Radiation environment measurement onboard nanosatellite VZLUSAT1

Vladimír Dániel, Výzkumný a zkušební letecký ústav, -


Onboard nanosatellite VZLUSAT1 the Radiation Hardened Composites Housing (RHCH) material will be verified. For RHCH radiation properties evaluation the radiation environment sensors are used. Three XRB diodes are placed on the side wall of the nanosatellite. First sensor is placed without RHCH shielding, second with 1mm thick RHCH shield and third with 2mm thick RHCH shielding. For higher energies the spectral sensors based on CdTe material will be used inside the nanosatellite. The appropriate measurement electronics circuit is presented.

VZLUSAT-1 EQM and PFM testing campaign

Vladimír Dániel, Aerospace Research and Test Establishment, 2015-04-21 - 2015-04-24

Time: 15 minutes

The testing campaign of EQM and PFM model of 2U CubeSat VZLUSAT-1 is presented. The EQM testing campaign take part in the Q4 of 2014, the PFM campaign is planned to Q1 and Q2 of 2015. The testing campaign includes assembly of the nanosatellite in the cleanroom, functional testing of platform and payloads, vibration and shock tests and thermal vacuum testing. For the PFM the testing campaign includes also the end to end test of radio communication with ground segment.

VZLUSAT-1 CubeSat demonstration

Vladimír Dániel, Aerospace research and test establishment, 2016-04-18 - 2016-04-21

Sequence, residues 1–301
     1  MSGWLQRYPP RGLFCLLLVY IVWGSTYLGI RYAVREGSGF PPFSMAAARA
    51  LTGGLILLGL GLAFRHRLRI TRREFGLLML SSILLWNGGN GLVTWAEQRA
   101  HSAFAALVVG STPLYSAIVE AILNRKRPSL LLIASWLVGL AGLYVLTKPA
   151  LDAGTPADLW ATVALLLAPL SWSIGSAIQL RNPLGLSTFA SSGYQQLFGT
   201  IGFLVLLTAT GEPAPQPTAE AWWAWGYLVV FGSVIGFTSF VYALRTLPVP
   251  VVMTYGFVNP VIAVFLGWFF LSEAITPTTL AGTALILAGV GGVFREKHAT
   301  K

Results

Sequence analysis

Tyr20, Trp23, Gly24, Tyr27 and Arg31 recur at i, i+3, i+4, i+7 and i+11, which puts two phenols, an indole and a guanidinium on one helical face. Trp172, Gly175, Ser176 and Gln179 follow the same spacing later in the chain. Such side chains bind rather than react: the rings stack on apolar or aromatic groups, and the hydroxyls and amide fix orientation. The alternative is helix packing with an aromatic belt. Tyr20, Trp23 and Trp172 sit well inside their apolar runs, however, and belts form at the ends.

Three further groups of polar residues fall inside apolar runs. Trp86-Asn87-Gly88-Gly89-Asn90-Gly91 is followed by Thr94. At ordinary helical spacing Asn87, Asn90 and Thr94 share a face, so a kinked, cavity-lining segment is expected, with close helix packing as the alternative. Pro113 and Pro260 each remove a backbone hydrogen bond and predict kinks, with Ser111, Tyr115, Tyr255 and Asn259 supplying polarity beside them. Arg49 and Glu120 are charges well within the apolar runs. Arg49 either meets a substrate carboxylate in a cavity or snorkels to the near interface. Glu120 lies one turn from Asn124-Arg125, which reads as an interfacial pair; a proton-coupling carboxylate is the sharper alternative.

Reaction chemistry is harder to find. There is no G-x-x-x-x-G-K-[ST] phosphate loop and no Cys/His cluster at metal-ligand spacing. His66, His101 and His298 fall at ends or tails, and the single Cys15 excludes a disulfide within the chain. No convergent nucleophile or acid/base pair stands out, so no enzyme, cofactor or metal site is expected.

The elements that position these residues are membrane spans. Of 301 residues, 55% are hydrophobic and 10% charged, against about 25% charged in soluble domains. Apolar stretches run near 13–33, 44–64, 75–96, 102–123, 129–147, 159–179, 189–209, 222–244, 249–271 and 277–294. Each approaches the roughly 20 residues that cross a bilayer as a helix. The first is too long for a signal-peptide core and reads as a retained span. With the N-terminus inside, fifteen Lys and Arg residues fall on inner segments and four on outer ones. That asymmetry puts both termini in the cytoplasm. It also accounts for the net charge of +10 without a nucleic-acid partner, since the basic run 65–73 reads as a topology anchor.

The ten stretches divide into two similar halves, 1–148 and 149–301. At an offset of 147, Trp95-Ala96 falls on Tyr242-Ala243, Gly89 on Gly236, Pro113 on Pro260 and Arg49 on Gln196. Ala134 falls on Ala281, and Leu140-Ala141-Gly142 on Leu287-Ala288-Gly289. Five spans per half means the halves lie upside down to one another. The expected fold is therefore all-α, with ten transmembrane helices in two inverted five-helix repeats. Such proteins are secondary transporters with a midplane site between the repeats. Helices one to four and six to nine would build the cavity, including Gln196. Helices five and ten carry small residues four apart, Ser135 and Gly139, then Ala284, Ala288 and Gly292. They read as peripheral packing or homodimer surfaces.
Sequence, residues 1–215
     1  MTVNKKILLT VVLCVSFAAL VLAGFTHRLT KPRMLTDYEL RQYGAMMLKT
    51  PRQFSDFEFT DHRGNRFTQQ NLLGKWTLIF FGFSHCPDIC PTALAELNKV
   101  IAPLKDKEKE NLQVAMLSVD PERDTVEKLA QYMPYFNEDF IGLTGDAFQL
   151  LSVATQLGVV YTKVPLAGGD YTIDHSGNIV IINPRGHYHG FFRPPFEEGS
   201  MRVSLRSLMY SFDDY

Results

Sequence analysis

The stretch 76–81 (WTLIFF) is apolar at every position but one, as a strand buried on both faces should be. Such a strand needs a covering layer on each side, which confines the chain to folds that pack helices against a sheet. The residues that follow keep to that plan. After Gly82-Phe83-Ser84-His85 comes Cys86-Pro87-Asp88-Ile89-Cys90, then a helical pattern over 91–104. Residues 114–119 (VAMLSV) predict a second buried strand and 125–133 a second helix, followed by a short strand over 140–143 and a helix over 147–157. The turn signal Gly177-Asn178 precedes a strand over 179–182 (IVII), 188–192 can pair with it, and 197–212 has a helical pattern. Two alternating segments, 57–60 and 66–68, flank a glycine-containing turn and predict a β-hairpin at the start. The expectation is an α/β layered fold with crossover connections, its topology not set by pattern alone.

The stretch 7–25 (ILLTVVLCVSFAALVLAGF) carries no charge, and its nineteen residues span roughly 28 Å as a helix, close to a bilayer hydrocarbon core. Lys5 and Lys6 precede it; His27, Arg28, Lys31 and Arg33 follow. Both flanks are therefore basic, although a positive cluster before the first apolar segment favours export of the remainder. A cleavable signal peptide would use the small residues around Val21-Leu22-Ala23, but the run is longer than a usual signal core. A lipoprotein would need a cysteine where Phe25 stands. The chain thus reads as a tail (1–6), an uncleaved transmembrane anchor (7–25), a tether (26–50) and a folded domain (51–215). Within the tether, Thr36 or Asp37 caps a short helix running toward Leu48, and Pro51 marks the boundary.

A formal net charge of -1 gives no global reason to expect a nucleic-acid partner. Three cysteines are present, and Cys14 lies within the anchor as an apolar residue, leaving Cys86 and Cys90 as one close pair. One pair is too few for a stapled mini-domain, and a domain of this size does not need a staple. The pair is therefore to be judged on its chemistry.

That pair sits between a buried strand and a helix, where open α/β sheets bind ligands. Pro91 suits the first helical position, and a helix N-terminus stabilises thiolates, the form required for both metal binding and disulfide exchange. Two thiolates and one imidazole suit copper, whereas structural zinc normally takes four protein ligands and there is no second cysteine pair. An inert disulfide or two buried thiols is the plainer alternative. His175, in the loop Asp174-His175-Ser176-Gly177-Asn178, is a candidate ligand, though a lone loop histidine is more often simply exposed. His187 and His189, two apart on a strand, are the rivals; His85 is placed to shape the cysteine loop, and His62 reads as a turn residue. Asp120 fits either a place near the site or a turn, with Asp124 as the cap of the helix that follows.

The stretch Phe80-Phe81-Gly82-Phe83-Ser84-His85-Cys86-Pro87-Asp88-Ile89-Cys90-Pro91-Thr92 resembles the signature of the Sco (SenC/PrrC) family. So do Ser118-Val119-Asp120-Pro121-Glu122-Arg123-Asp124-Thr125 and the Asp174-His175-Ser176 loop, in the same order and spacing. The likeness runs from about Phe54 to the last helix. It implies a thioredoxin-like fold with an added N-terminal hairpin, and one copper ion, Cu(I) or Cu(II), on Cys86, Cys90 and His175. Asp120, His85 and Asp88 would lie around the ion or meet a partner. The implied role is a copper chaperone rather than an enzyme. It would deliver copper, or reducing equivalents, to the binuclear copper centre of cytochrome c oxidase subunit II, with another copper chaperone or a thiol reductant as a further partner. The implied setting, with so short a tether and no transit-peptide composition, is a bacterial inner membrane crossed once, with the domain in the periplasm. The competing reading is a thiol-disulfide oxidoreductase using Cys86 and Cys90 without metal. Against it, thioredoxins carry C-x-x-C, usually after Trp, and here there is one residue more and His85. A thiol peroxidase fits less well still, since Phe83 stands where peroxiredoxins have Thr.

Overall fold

Time: 60

VZLUSAT-1 is a Czech 2U CubeSat type technological nanosatellites for the in-orbit demonstration of new technologies and products in Earth orbit. Demonstration of the Engineering Model (EM) of the VZLUSAT-1 will be presented. The demonstrator is assembled from the EM of the OBC, Miniaturized X-ray telescope with deployable optics and In-orbit demonstrator of Radiation hardened composite housing material (RHCH). The presentation will be done in the form of workshop including the real-time operation via umbilical connector and also the using the ground segment SW. Presentation also shows the details of observation modes, details about detectors, data processing and handling system and mission details. The presented Miniaturized X-ray telescope instrument is suitable for the astrophysical, Sun, moon, terrestrial gamma flash observation or radiation background monitoring. The In-orbit demonstrator of the RHCH is suitable for shielding the space radiation of the satellites, manned spacecrafts or habitats for the moon or mars. The CubeSat launch is planned to summer 2016 to 460km LEO.

Miniaturized X-ray telescope CubeSat payload for astrophysics, searching of gravitational waves sources or cometary mining

Vladimír Dániel, Aerospace research and test establishment, 2017-04-04 - 2017-04-06

Time: 15

The presentation describe the CubeSat idea with x-ray telescope targeting the astrophysics, searching of gravitational waves sources or cometary mining. Even there are three different topics the similarities and possible usage of same instrument will be discussed.

Lessons learnd from VZLUSAT-1 CubeSat mission

Vladimír Dániel, Czech Aerospace Research Centre, 2018-04-18 - 2018-04-19

Time: 15

Brief summary of the flight phase of VZLUSAT-1 CubeSat will be presented. The CubeSat VZLUSAT-1 was launched on June 2017 and is still operating on the orbit. The Operations, OBC, ADCS and Payload behaviour will be summarized.